As women actresses walked the red carpet at the Golden Globe awards dressed in black in order to lend their support to the #metoo movement, I was touched by the notion that women are increasingly standing up for each other and coming together for the betterment of all women’s lives. As this consolidation of purpose is occurring, I can’t help thinking that we can do even more.
Shouldn’t there be a movement as powerful and significant as #metoo that could shed light on the fact that more women continue to die from heart disease than from any other cause? And—that this is largely preventable???
I have been involved with the Go Red for Women movement, an initiative created by the American Heart Association, that has been educating and empowering women to take care of their hearts and their heart health for over a decade. Yet, after all this time, I still become infuriated every time I see the statistics that women are still under-diagnosed, still provided with less life-saving treatment, and still referred less often for procedures that might actually result in more successful outcomes for them.
The bias—to treat women heart patients like men heart patients—still exists and has resulted in the deeply disturbing reality that when women get heart disease, they are more likely to die or to do much more poorly afterwards, including being more likely to suffer a subsequent heart attack.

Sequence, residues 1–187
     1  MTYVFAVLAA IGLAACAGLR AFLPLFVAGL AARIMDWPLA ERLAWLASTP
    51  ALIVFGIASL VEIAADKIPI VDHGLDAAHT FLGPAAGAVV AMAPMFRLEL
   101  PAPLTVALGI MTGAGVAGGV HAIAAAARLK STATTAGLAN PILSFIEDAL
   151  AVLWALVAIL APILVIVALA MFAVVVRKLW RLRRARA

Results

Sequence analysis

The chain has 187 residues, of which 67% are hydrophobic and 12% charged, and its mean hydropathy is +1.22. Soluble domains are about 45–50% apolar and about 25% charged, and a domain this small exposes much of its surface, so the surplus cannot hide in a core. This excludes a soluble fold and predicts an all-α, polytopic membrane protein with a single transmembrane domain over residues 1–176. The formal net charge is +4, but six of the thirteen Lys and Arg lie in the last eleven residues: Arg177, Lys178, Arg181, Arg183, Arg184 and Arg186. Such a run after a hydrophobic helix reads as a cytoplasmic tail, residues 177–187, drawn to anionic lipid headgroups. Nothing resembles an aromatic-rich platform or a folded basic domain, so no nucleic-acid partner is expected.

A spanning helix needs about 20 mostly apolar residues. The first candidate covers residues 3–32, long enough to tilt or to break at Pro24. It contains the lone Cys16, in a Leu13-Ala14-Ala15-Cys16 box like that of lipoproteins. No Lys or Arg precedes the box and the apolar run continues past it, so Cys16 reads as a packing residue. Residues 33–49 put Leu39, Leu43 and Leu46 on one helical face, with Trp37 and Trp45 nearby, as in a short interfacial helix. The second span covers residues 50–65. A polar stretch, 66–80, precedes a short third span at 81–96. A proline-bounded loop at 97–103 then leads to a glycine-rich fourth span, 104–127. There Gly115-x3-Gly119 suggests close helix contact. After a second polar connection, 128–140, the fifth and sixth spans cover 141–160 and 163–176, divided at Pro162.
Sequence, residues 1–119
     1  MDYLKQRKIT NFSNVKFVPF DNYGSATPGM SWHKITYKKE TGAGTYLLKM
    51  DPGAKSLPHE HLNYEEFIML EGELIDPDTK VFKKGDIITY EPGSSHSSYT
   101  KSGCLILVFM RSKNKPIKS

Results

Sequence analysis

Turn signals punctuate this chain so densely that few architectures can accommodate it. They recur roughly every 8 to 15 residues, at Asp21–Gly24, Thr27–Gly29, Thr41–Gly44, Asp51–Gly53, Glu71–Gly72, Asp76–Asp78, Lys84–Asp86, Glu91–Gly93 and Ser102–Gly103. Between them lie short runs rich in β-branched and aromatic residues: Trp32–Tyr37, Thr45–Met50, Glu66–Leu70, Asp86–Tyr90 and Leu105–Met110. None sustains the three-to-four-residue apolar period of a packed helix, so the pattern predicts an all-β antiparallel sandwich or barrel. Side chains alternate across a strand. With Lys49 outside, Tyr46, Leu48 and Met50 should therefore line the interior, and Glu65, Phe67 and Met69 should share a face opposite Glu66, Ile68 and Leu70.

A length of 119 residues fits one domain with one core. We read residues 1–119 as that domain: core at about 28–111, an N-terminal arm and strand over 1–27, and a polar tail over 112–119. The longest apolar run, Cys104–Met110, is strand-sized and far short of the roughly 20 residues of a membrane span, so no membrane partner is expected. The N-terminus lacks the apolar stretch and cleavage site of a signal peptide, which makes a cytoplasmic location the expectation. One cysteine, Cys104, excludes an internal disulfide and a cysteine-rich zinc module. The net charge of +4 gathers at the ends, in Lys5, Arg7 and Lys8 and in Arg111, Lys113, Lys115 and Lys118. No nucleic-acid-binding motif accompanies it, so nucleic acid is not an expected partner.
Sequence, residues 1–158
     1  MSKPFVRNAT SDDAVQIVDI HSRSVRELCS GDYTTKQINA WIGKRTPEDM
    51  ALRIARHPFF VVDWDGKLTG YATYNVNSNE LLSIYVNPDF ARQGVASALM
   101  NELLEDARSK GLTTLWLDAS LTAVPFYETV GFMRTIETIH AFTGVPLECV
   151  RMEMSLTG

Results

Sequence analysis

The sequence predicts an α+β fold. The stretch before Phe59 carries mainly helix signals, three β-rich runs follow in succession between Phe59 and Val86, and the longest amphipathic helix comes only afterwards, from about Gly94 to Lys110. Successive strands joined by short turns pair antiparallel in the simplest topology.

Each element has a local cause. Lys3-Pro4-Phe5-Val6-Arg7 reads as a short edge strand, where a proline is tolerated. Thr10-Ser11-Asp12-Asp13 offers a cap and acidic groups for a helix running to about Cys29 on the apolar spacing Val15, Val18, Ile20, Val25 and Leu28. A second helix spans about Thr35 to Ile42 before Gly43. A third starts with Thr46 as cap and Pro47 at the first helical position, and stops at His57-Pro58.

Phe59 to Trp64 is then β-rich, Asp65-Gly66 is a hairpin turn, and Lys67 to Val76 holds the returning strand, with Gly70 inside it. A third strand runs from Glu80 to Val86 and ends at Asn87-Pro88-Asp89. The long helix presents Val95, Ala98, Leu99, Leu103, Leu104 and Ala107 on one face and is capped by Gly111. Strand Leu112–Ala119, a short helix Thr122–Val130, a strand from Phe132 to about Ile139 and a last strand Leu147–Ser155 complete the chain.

#Metoo has sparked a lot of important, if difficult, feelings for all of us, both women and men. Many are finally coming to more fully understand the collective reality of women’s lives. This is a very good thing, because if we viscerally understand #metoo, then maybe we have a chance to understand #GoRed in a similarly urgent way.
The bottom line across the board is that women are paying a deep price just for being women, whether that involves being the victim of sexual assault or misconduct…or being the victim of an antiquated healthcare system that does not see and understand how heart disease manifests in and kills women.
Just to give you an example, which sheds light of how pressing this issue is for all women, a study was done simulating male and female patients going into the emergency room. The actors recited the same script about their symptoms to the ER doctors. What happened? The male actors were admitted to the hospital with the diagnosis of possible heart attack; the women actors were sent home with the diagnosis of “anxiety.” Really? With the same script and the identical symptoms, this is still happening? We are victims of stereotypes, misconceptions, callousness or, worse, disregard.
The good news is that the research is finally catching up to the reality. In the last decade, we have made significant progress in the study of women and heart disease. The Guidelines for the Prevention of Cardiovascular Disease in Women, last updated in 2011 by the American Heart Association, showed the profound impact of hypertension, diabetes and depression on women’s hearts and explained that pregnancy can be a sort of “metabolic stress test” because there are many warning signs of future heart disease in pregnant women. That is progress.